Trading Naked

Status
Not open for further replies.

Bloodhound

Senior member
3,445 1,299
Morning everyone. Cable, IMO, is a choppy mess this morning, so I'm sitting on the sidelines waiting until I can see some sort of definition. A couple of level to look at though...

cable m5 091020 - 0804.gif
 
Hi Rob, great thread. Can I ask, how long have you been trading this approach and have you any idea what kind of results you're achieving in terms of risk/reward ratio? Also what are your favourite instruments and timeframes?

Many thanks.
 

apmf

Active member
211 25
Good Morning guys, 2 trades so far from 148.00 level. I like to watch these round numbers as most of the times we can see supply and demand action around it.
Right now watching 147.50 for my T3's direction.

Edit: Just got stopped out of T3. Rejection from 147.50 as thought.
 

Attachments

Bloodhound

Senior member
3,445 1,299
Hi Rob, great thread. Can I ask, how long have you been trading this approach and have you any idea what kind of results you're achieving in terms of risk/reward ratio? Also what are your favourite instruments and timeframes?

Many thanks.
Good morning Second Income Trader and thanks for dropping in. I started trading cable M15 in May and graduated to this way of seeing / doing things in early August.

In terms of risk / reward it is very hard to answer as I think, in part, it is determined by one's initial attitude to risk. What I did was just started trading it and let the risk / reward bit develop over time. Even just with cable M5 there are so many ways of managing trades IMO, and I am constanly evaluating different methods:

1) Shoot for fixed targets?
2) Scale out positions?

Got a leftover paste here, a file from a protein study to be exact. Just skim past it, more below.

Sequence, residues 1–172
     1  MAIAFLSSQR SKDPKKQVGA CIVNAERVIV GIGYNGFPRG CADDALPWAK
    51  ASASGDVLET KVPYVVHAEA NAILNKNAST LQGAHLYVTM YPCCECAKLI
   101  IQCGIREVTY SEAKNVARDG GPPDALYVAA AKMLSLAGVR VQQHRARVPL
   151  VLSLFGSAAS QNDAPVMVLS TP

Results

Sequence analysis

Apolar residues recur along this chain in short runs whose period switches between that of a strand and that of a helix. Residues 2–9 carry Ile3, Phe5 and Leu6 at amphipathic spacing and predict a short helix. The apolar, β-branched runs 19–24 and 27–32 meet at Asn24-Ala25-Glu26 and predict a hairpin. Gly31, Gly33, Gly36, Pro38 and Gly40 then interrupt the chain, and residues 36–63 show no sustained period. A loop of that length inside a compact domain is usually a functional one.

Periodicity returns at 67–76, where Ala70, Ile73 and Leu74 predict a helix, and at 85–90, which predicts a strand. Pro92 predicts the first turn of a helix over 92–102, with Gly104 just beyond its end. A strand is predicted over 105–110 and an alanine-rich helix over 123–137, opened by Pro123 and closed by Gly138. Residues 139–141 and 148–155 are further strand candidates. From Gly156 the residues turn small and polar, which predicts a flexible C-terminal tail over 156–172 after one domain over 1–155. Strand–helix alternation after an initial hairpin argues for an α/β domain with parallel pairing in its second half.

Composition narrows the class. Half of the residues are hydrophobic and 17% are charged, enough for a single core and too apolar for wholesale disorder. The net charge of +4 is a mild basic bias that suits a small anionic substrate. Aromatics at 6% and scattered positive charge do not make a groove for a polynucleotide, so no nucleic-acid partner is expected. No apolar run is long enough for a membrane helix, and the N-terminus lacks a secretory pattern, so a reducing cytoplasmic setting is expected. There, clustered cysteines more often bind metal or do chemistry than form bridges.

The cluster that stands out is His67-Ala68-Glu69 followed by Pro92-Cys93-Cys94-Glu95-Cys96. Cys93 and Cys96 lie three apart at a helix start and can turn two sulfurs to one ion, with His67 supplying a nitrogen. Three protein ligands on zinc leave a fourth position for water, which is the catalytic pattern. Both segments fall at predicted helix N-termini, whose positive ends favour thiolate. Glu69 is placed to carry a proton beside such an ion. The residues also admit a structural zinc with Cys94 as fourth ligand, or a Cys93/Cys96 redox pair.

3) Add to positions after scaling some out?
4) Have fixed stops or 'logical' stops?
5) Use M5 entries to get lower risk entries into higher tf moves
etc. etc.

Sorry it's not a very helpful answer but, wilst I know what I am achieving, it will be vastly different for someone else. Remember, it's not a 'system' per se - simply a way of looking at price, with some simple ways of getting in and out of trades - that's the way I see it anyway..
 

Bloodhound

Senior member
3,445 1,299
Good Morning guys, 2 trades so far from 148.00 level. I like to watch these round numbers as most of the times we can see supply and demand action around it.
Right now watching 147.50 for my T3's direction.

Edit: Just got stopped out of T3. Rejection from 147.50 as thought.
Morning Paul - looking a lot tidier than cable IMO this morning. Hope you have a great day!!
 

tenbobtrader

Guest
450 140
Good morning Second Income Trader and thanks for dropping in. I started trading cable M15 in May and graduated to this way of seeing / doing things in early August.

In terms of risk / reward it is very hard to answer as I think, in part, it is determined by one's initial attitude to risk. What I did was just started trading it and let the risk / reward bit develop over time. Even just with cable M5 there are so many ways of managing trades IMO, and I am constanly evaluating different methods:

1) Shoot for fixed targets?
2) Scale out positions?
3) Add to positions after scaling some out?
4) Have fixed stops or 'logical' stops?
5) Use M5 entries to get lower risk entries into higher tf moves
etc. etc.

Sorry it's not a very helpful answer but, wilst I know what I am achieving, it will be vastly different for someone else. Remember, it's not a 'system' per se - simply a way of looking at price, with some simple ways of getting in and out of trades - that's the way I see it anyway..
morning Rob

well it is if you read it - good honest post imvho - all must build their own method